Drawing on this evidence, Frankel argues that nineteenth-century Britain and the United States witnessed the emergence of a new form of politics that combined the relay of facts with new modes of political and aesthetic representation, namely those of government-commissioned reports. Borrowing from Benedict Anderson’s concept of print capitalism in Imagined Communities (1991), Frankel proposes that social investigations and reports across the nineteenth century in Britain and the United States produced a field of communication between the state and its subjects that he terms print statism. Emphasizing the transactional nature of this relationship, Frankel argues that it is through the exchange of knowledge and texts that scattered and disenfranchised, as well as more central and hegemonic, populations came to recognize the state. The work of Michel Foucault on the power/knowledge nexus and on governmentality certainly hovers over Frankel’s investigation. But Frankel seeks to distinguish his work from Foucauldian studies of knowledge in this period, “haunted by the specter of the panopticon,” by emphasizing what he calls the “state/knowledge nexus” within a larger economy of knowledge and communication (3).

At the heart of States of Inquiry is an argument about representation and what Frankel calls the “double-mirror” aspect of state representation (17). On the one hand, investigators represented the state in the field, while also representing under-represented populations to the state. On the other hand, the state reported on society and was itself a topic of reportage. While this doubling quality is quite interesting, it seems to me that more theoretical implications could be drawn from it. The book adroitly sums up current theories of representation and suggests the uniqueness of the nineteenth-century context, but it stops short of reflecting on how these multiple dualities might revise available theories of representation. In other words, Frankel’s case seems to put pressure upon familiar and still potent notions of democratic and realist representation, ones we have inherited from the nineteenth century. In what ways can we speculate about the state’s distinctive identity as in part deriving from its capacity to collapse classic typologies of representation?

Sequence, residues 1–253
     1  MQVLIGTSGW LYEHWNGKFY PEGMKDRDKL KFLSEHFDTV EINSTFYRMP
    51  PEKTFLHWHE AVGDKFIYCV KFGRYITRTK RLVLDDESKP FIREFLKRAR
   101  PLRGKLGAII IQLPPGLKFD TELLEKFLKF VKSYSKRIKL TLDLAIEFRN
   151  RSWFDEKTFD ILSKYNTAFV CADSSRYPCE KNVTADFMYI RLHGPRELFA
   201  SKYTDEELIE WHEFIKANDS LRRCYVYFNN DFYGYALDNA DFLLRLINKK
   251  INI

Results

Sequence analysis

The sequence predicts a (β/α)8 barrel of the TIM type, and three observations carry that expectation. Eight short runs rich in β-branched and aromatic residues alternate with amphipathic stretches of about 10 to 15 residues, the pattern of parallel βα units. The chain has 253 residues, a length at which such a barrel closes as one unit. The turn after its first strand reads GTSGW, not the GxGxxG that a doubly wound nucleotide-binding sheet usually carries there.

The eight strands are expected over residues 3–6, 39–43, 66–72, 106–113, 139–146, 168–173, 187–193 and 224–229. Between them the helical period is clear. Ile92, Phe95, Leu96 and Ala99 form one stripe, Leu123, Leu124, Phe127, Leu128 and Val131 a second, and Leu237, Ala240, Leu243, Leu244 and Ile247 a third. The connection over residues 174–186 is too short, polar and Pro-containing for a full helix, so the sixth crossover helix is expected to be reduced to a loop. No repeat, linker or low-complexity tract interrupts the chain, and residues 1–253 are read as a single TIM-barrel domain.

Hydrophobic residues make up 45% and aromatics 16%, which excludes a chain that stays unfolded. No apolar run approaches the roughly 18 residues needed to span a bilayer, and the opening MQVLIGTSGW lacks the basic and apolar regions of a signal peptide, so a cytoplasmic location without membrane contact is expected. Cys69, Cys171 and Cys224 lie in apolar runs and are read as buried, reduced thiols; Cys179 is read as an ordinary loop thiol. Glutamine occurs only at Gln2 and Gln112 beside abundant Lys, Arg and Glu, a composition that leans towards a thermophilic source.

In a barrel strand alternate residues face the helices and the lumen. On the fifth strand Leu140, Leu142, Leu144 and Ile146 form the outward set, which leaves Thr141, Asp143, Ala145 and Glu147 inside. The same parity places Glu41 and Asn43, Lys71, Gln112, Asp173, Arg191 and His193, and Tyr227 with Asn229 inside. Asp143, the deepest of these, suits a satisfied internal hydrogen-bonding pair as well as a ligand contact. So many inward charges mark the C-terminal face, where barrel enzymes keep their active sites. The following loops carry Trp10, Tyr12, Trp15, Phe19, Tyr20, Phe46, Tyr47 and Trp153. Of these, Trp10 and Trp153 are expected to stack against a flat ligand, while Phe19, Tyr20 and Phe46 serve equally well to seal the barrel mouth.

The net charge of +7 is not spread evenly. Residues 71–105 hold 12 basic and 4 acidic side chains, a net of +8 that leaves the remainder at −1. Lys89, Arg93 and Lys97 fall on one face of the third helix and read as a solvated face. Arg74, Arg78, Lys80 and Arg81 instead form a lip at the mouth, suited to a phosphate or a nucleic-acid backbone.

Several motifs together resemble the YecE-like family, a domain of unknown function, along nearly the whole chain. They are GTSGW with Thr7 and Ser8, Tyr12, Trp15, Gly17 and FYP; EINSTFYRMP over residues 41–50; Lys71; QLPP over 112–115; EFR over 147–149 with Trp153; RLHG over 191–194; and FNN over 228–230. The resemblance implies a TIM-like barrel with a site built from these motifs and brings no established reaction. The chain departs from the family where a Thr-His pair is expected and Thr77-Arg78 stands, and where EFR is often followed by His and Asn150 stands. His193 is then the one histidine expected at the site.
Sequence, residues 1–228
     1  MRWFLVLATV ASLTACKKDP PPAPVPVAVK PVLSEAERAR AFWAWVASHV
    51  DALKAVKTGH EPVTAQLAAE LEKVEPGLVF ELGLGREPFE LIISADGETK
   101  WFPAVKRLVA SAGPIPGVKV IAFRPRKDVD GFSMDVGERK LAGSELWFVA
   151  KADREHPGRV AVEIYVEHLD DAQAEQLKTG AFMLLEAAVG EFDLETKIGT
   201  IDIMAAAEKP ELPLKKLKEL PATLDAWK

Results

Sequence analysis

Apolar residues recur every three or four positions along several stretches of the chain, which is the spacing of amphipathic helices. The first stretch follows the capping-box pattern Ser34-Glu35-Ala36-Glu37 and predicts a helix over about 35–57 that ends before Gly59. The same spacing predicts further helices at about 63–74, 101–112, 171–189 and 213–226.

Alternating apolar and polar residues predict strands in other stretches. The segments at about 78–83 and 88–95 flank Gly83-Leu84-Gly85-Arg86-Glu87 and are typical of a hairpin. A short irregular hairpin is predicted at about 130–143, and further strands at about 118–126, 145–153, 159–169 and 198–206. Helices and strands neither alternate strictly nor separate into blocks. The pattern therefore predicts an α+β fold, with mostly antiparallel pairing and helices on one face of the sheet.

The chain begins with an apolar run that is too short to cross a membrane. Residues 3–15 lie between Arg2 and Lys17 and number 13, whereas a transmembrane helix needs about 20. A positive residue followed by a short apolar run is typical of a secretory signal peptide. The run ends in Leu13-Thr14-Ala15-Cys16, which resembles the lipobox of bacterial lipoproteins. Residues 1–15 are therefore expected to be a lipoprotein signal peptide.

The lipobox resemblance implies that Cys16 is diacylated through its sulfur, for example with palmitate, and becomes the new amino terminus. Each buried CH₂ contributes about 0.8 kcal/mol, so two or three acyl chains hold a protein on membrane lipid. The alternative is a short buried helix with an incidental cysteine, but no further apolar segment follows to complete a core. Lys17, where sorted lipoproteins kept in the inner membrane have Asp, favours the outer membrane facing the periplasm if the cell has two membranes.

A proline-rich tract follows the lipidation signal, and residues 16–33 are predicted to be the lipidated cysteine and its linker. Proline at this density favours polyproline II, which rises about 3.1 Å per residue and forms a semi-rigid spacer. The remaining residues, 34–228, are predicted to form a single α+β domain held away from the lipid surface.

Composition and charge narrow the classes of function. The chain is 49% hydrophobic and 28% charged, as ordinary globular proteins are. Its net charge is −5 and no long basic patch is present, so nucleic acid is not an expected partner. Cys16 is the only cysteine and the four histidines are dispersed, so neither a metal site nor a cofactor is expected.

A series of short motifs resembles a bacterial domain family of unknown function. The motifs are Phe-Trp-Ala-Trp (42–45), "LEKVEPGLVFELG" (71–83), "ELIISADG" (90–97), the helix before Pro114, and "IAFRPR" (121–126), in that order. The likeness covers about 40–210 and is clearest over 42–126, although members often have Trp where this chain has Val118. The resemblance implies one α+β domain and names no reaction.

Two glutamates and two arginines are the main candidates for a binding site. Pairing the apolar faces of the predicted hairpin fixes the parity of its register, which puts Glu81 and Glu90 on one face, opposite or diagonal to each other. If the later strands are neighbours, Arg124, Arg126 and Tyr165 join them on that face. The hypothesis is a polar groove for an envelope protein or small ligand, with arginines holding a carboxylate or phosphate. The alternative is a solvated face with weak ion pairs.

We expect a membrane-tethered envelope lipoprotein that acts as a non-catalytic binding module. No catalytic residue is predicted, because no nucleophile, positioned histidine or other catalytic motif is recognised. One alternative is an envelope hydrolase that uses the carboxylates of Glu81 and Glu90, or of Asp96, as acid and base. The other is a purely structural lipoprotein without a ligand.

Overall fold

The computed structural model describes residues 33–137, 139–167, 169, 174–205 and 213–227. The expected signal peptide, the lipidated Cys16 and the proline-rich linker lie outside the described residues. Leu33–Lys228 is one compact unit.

The structure of the book compares British with U.S. investigations and reportage. Frankel argues that this comparative approach yields new appraisals of each national history. For example, while it is standard to view U.S. expedition reports as driven by nation-building efforts in the nineteenth century, it is less obvious to recognize similar imperatives motivating British projects of internal social exploration, which are often defined in terms of the consolidation of bourgeois power. Conversely, British efforts to document and thereby construct an abstract concept of the social cast similar U.S. efforts in a new light, showing a related urge across the Atlantic to map, define, and control the national population. Frankel also argues that this comparative approach illuminates the surprising role of legislatures in forming public opinion in so-called liberal democracies. While many of these claims are compelling and realized in the chapters, the introduction frames them as effects of the comparison, whereas the rationale for comparing them is not explicitly stated. Because this rationale is not directly argued, I often had trouble moving between national cases.